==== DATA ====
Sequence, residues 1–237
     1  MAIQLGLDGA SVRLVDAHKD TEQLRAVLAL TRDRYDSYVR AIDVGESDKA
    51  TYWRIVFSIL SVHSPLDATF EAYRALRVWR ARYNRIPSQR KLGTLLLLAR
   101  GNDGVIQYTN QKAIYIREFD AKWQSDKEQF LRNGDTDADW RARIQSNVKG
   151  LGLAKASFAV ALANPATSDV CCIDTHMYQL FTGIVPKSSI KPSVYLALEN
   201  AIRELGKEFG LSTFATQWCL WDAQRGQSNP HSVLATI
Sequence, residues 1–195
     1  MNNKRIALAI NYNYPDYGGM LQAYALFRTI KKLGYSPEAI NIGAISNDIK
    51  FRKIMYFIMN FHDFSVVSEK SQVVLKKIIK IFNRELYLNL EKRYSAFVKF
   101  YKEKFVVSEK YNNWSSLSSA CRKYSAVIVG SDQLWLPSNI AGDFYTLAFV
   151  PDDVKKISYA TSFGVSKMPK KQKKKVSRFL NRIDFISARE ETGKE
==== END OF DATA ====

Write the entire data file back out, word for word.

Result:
Sequence, residues 1–237
     1  MAIQLGLDGA SVRLVDAHKD TEQLRAVLAL TRDRYDSYVR AIDVGESDKA
    51  TYWRIVFSIL SVHSPLDATF EAYRALRVWR ARYNRIPSQR KLGTLLLLAR
   101  GNDGVIQYTN QKAIYIREFD AKWQSDKEQF LRNGDTDADW RARIQSNVKG
   151  LGLAKASFAV ALANPATSDV CCIDTHMYQL FTGIVPKSSI KPSVYLALEN
   201  AIRELGKEFG LSTFATQWCL WDAQRGQSNP HSVLATI
Sequence, residues 1–195
     1  MNNKRIALAI NYNYPDYGGM LQAYALFRTI KKLGYSPEAI NIGAISNDIK
    51  FRKIMYFIMN FHDFSVVSEK SQVVLKKIIK IFNRELYLNL EKRYSAFVKF
   101  YKEKFVVSEK YNNWSSLSSA CRKYSAVIVG SDQLWLPSNI AGDFYTLAFV
   151  PDDVKKISYA TSFGVSKMPK KQKKKVSRFL NRIDFISARE ETGKE